Emotional Baggage

 

 

Subjective realities can be a real bitch sometimes. The best (and worst) part of surviving into my thirties has been the realization that reality is open to interpretation. Even though I share memories with friends and family, we all interpret events through our own lenses. What I forget, others may remember. What I remember, others might remember in a completely different way, with a radically different context. The way I see a person and my interpretation of our relationship is not always reciprocated.

We can't control what we represent to the people around us. While we might change and grow over the years, this growth isn't always seen or believed by the people we've impacted in the past. The only thing we can do is understand this, and try to respect their experience. Maybe we feel that the resentments and negative opinions people have of us are unfair or baseless, but those are their loads to carry. We cannot expect them to change their perceptions. They do not owe us this.

What we can do is unpack our own emotional baggage. We can accept that the people who have wronged us five, ten, or twenty years ago are probably much different now than they were back then. We can heal our own wounds and let old shit go. We don't have to carry grudges and biases. This does not mean that we have to let those people back into our lives or that we owe it to them to express any kind of forgiveness (although at times this can be part of our own healing process.) What this means is that we have the power to stop letting the old wounds hurt us. We are different people now than we were then, or yesterday, or even five minutes ago. We may still have to deal with the effects others made on our lives, but that moment of anger, fear, loss, or pain is gone. It is over and we survived.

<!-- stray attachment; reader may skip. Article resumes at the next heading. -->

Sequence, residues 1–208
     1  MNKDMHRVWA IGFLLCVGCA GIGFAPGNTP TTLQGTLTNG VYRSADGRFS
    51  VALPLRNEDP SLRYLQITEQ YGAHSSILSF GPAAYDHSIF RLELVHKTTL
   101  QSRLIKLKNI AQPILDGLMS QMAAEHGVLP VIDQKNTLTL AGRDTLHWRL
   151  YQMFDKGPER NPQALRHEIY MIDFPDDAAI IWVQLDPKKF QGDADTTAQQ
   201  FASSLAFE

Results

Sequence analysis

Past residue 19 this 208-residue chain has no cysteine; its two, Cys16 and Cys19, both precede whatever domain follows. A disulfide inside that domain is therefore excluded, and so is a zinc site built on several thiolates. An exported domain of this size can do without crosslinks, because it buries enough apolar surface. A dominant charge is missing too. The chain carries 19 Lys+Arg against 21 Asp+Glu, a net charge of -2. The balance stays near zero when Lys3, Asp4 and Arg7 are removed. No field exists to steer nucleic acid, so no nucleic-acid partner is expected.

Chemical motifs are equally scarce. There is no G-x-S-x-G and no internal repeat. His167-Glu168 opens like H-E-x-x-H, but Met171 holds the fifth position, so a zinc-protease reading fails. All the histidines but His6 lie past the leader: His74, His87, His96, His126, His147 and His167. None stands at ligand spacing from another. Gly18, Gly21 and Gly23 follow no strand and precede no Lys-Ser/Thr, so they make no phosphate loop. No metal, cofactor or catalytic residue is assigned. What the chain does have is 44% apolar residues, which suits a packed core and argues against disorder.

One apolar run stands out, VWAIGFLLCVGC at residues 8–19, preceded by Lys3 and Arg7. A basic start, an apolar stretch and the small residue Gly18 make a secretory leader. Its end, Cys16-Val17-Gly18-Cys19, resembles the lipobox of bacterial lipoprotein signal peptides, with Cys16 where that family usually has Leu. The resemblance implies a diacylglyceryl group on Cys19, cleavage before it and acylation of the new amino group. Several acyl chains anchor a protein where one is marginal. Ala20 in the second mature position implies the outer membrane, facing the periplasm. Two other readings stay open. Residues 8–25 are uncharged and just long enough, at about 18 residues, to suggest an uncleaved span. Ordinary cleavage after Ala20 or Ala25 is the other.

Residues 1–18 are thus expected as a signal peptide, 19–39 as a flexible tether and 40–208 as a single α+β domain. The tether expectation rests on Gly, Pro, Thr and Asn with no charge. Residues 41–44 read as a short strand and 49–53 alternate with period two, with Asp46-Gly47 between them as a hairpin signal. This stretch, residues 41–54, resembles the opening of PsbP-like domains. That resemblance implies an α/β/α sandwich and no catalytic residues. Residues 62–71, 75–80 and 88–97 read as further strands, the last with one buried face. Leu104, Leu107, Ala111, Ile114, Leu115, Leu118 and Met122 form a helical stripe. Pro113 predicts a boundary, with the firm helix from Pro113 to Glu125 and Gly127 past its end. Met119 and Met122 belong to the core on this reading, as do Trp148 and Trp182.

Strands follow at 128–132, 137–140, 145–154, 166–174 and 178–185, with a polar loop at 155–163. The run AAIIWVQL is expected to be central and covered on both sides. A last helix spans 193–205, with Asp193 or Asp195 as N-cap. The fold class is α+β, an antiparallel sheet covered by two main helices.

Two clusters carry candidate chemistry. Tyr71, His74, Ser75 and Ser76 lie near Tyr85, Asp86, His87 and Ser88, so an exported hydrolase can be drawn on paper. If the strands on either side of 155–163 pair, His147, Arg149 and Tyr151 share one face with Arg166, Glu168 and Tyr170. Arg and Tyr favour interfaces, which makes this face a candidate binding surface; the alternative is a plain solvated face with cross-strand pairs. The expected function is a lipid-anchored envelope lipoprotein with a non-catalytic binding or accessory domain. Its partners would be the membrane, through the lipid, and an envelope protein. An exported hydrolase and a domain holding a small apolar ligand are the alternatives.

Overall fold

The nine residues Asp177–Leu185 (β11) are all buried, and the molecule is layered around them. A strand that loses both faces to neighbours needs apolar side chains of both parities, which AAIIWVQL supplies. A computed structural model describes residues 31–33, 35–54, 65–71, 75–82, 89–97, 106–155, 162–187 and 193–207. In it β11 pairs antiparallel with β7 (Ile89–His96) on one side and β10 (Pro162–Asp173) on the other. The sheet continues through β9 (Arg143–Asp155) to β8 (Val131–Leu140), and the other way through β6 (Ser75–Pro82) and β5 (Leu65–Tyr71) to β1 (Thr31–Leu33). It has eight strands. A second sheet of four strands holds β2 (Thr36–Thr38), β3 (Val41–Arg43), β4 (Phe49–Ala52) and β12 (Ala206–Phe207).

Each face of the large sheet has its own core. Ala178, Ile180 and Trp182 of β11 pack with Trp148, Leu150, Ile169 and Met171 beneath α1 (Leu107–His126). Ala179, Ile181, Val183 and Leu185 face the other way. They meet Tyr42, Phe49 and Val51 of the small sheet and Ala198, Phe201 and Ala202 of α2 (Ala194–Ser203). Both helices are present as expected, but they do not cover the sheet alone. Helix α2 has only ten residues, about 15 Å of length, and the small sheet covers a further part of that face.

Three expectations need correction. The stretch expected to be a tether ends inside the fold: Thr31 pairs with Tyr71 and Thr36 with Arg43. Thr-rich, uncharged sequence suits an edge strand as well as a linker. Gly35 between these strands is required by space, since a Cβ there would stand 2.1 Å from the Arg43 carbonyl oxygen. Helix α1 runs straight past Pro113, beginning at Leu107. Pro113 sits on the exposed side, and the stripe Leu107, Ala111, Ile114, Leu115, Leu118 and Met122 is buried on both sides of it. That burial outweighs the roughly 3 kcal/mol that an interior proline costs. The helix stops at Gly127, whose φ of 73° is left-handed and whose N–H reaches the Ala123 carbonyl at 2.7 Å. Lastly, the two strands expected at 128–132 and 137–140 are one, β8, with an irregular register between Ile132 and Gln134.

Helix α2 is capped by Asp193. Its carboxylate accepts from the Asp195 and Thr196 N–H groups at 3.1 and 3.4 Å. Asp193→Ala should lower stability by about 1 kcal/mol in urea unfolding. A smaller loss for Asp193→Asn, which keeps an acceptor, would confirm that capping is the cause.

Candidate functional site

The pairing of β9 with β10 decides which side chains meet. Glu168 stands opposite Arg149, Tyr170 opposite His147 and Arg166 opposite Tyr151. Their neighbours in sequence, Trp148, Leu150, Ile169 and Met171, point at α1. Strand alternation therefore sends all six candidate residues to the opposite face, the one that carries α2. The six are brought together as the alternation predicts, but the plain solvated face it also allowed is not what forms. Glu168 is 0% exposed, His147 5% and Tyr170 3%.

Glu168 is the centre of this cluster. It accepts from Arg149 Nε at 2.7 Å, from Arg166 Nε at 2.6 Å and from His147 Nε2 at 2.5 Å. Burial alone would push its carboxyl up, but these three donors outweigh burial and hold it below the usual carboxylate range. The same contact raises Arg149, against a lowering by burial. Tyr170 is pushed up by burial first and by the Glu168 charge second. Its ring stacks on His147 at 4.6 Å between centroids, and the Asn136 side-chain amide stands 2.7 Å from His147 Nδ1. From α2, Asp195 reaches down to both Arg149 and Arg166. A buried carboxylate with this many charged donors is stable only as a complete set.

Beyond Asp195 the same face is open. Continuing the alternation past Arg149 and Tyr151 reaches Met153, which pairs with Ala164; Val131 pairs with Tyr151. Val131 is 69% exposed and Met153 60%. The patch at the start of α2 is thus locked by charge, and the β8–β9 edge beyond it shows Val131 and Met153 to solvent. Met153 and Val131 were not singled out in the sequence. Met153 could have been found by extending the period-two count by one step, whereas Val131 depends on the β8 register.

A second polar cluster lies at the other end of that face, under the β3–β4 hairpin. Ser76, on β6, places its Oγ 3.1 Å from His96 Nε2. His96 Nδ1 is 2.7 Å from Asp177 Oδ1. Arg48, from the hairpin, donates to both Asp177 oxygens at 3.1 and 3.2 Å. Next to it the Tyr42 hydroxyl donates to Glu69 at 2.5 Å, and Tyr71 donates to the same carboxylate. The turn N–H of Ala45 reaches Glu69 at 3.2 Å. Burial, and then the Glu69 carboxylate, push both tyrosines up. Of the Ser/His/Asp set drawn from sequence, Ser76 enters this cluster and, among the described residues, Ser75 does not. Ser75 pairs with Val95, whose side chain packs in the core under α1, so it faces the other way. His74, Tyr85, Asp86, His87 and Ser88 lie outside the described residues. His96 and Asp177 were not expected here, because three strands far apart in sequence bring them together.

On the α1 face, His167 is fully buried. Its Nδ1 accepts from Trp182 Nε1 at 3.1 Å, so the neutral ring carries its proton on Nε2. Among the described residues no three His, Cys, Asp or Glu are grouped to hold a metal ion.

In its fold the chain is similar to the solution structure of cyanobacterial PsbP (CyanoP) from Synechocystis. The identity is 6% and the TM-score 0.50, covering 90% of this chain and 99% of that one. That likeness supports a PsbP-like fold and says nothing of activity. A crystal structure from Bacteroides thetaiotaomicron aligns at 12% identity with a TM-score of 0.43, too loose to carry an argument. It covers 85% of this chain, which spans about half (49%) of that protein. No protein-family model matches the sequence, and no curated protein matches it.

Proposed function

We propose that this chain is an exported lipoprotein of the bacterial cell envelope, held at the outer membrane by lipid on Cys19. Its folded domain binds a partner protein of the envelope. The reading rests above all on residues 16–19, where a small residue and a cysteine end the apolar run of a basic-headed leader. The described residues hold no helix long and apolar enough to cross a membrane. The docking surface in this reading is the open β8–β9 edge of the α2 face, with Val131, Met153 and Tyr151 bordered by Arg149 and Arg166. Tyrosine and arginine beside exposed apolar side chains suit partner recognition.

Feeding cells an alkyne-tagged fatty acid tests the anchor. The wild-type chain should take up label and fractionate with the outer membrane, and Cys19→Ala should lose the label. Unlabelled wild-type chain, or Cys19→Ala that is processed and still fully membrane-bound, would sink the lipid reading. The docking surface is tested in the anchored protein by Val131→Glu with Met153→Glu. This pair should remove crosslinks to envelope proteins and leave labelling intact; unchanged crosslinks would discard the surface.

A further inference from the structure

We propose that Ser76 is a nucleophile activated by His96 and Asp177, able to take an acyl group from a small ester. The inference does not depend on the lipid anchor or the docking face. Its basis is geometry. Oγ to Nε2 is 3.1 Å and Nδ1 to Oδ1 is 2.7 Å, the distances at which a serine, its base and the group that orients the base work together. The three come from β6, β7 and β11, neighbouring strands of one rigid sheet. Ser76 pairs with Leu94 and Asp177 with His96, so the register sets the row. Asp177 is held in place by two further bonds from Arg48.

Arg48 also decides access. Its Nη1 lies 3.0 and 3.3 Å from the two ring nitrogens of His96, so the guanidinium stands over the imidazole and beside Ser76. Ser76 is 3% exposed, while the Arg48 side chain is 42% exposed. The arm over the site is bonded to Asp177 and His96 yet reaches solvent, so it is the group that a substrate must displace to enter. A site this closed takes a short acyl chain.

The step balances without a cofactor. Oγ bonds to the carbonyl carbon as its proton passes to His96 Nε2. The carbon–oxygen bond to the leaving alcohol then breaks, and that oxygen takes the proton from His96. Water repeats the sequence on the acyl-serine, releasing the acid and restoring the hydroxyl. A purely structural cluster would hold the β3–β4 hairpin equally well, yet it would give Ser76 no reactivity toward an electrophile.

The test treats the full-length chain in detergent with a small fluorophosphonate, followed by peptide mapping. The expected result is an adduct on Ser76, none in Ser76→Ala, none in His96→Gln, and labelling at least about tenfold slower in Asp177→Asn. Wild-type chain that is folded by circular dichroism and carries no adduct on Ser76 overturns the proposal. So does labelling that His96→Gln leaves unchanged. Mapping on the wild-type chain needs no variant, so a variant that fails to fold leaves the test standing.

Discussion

Often, the offender has already forgotten the offense. Why should we keep suffering? And if they do remember, let them carry it. We are new. Every second of every day, we are new. We don't have to carry the dead weight of resentment. We can put it down.

None of us are perfect. There are no doubt times that we have had a negative impact on the people around us, not always intentionally, but sometimes our intentions don't matter. The damage is done. We might not remember the moment that we hurt someone, or we might have a very different memory of it, but it does not matter. Their experience is real for them. It is a part of them, and we have no right to demand they drop it and move on. We need to acknowledge their wound, not belittle their pain just because we don't see it.

 

This does not mean we have to live in the shadow of their resentment. We should take an honest look at our actions. If we've done wrong, we do what we feel we must do to make it right, not bury ourselves beneath guilt and shame forever. We don't have to wait for a pardon. We should not expect one, but we do not have to be haunted by the judgements of others. We can't change anyone else, but we can change ourselves. We can grow, learn, evolve and move on. We can deal with our own burdens. We can let it go and hope that someday they will be able to do the same. We can take our mistakes and let them shape our growth, teach us to be better people. 

Every second of every day, we are new.

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St. Paul, MN
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